General aviation ground school pass
    Airframe manufacturer’s training course
    UAV Maintenance officer certificate
    and the latest I have heard – at least a private pilot licence for full size!

    But here is the rub. There are three UAV size categories
    * up to 100g (eg flying cigarette packets)
    * up to 100 KG (big jump eh?)
    * over 100kg

    A typical model helicopter with camera weighs 2-4kg. I don’t know about you, but I would have thought that safety requirements for a 90kg odd aircraft are massively more critical than for a <4kg aircraft.

    and surprise surprise – despite these rules being in place for ten years now, THERE RE ONLY ABOUT A DOZEN UAV CERTIFICATE HOLDERS IN THE WHOLE COUNTRY.

    I hope the FAA grows some brains and ignores the disaster Australia has on its hands

  • Look folks, the FAA cannot possibly police this. We all know it is a tax and power grab. Heck, the FAA can hardly police the piloted industry. And for the person that said the FAA acts quickly after a crash, HA! They putz around for months and state the obvious after everyone else figured out the easy clues. I like the idea of taking free images and selling a T-Shirt. Genius! Frankly it was sad that the LA police were shut down a few years back when they used model to nail criminals.
    Oh, and for those that don’t realize it, a full scale license (fixed or rotary wing) is useless to fly models. RC heli’s are a whole different animal. And yes, I can carry a modern good camera with a small electric heli. You don’t require a 60 or 90 sized machine. Camera weights are low enough now.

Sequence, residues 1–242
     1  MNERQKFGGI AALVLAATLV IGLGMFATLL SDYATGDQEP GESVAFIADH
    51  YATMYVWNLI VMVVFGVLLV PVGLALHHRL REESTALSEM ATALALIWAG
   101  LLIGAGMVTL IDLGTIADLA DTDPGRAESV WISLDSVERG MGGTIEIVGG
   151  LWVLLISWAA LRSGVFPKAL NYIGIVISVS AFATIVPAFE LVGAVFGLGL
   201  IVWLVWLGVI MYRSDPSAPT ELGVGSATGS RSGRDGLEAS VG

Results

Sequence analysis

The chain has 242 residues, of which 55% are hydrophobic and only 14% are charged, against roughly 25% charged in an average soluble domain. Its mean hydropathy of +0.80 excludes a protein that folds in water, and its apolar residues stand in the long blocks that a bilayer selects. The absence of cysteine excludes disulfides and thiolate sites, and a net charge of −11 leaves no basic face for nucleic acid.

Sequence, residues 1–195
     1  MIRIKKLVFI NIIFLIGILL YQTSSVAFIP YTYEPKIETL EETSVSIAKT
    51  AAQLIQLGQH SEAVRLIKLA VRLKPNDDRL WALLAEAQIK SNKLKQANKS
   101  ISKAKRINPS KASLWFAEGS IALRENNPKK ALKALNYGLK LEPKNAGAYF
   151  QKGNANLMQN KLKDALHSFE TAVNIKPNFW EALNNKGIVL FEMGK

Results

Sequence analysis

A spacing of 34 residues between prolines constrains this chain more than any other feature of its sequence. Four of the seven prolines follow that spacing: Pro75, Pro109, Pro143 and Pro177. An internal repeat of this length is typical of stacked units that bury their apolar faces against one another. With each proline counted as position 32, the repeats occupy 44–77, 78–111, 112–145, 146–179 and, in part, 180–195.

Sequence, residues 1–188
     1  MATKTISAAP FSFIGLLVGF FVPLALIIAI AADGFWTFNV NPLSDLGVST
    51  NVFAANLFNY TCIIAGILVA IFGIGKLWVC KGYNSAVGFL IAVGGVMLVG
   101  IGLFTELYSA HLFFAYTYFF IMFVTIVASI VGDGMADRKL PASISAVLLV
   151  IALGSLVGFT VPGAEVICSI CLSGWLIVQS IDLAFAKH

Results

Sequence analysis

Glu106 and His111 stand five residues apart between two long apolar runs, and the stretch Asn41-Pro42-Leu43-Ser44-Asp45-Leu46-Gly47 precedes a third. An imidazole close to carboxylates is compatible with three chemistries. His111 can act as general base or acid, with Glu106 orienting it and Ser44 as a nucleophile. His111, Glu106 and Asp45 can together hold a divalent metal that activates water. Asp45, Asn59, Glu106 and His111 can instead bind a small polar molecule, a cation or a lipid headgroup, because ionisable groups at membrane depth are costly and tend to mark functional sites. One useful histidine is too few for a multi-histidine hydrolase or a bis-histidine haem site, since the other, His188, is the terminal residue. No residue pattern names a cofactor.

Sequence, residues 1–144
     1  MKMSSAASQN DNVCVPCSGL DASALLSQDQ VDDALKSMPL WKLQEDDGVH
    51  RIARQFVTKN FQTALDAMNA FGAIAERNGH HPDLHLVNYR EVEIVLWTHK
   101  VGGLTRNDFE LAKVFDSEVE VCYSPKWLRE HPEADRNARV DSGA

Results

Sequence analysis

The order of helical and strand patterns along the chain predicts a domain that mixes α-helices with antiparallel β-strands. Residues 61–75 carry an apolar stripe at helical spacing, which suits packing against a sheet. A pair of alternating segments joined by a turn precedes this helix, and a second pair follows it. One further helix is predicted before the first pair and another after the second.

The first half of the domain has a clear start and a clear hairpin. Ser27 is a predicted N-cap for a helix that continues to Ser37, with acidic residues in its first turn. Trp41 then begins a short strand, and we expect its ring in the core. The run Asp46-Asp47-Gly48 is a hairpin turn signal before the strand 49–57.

Basically the FAA needs to step away and if anything let local municipalities govern rules about models. Smaller government, local government, and FAA please leave us modelers alone.

  • WOW!!! Making something illegal will stop a terrorist? What kind of bullshit is this??? Terrorist dont care if its illegal, they probably like that even more! The only people that this will effect will be good law abiding American citizens and RC hobbyist. Listen you cant stop someone from blowing something up who is willing to strap it to their chest and blow themselves up as well. Dont live in fear…LIVE FREE the fact is that the government is using this as fear tactic not to protect but to control you. They own the skies and your ass as well. just keep paying the taxes